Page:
Harvest report 2011: The vintage in the upper Loire: Sancerre, Pouilly etc

A sign in the Sancerre village

A sign in the Sancerre village, copyright BKWine Photography

The upper Loire, from a vinous point of view, comprises the two well-known appellations Sancerre and Puilly-Fumé, but also the less famous Menetou Salon, Quincy, Reuilly, Coteaux du Giennois and Chateaumeillant. We have just received a report from the interprofession and Sopexa UK on the 2011 vintage. (They choose to call it Les Vins du Centre Loire but I think few people outside of France would think of those wine regions as the “Central Loire” – a quirk of the French administration system and the names of the departements.)

As in many parts of France 2011 was a curious year in the Upper Loire wine regions: very warm spring leading to extremely early and rapid development of the vines. But then some very cool periods during the summer which slowed down the ripening; a harvest that therefore was relatively normal, except that it was very outdrawn.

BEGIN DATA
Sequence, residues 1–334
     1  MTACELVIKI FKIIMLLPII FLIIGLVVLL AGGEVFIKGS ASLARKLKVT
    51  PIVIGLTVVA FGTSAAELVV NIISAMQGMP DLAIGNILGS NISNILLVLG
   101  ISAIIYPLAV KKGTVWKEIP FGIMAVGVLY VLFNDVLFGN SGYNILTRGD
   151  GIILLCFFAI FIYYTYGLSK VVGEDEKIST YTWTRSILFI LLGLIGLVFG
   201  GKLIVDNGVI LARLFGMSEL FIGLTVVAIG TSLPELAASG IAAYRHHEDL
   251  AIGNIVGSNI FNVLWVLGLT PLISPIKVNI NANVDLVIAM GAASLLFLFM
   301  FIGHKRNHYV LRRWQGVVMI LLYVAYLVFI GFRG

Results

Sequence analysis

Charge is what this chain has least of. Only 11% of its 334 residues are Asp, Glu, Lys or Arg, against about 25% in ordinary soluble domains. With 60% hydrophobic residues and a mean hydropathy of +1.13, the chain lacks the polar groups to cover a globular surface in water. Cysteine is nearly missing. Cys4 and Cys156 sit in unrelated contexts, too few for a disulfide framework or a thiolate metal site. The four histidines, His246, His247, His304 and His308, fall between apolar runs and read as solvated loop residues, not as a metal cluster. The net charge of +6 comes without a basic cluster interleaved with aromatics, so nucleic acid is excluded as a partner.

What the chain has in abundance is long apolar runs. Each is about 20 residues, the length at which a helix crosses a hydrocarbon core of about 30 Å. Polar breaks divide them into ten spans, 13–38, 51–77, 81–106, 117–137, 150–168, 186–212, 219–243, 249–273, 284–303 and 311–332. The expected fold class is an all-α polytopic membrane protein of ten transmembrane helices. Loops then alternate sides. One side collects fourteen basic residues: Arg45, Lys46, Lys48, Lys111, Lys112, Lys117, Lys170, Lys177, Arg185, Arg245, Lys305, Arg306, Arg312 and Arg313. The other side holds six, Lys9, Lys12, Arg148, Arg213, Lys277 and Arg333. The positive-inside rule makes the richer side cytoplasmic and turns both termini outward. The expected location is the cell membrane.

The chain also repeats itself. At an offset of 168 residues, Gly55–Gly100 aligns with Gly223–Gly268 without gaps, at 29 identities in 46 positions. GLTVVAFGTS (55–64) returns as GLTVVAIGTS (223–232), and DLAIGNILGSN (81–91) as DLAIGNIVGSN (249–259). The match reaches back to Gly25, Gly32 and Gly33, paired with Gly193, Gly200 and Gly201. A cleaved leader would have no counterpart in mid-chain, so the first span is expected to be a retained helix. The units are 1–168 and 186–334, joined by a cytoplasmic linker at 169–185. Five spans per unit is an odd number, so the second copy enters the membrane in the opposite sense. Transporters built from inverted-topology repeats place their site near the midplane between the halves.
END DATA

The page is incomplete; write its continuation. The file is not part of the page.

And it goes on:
We have not had the possibility to visit any of the vineyards in this region this year nor have we had any chance to taste the musts or the wines. But judging from the harvest report it looks fairly good: The 2011 vintage was high in sugar and has given white wines that are soft and mellow. One problem may be the relatively low levels of acidity, reducing the freshness in the wines. For the red wines the 2011 harvest should be one or two notches better, judging from the reports, giving wines that are comparatively full-bodied with ripe tannins.

We reproduce below the full text of the 2011 harvest report from the Bureau Interprofessionnel des Vins du Centre, BIVC, (well, the departement IS called Le Centre) and Sopexa. Fore more information:

The harvest report concerns the wine districts Sancerre, Puilly-Fume,  Menetou Salon, Quincy, Reuilly, Coteaux du Giennois and Chateaumeillant.

Continued below.

View of the vineyards and the Chavignol village from Sancerre

View of the vineyards and the Chavignol village from Sancerre, copyright BKWine Photography

2011 Vintage in the Central Loire

Unusual and unpredictable weather for our classic wines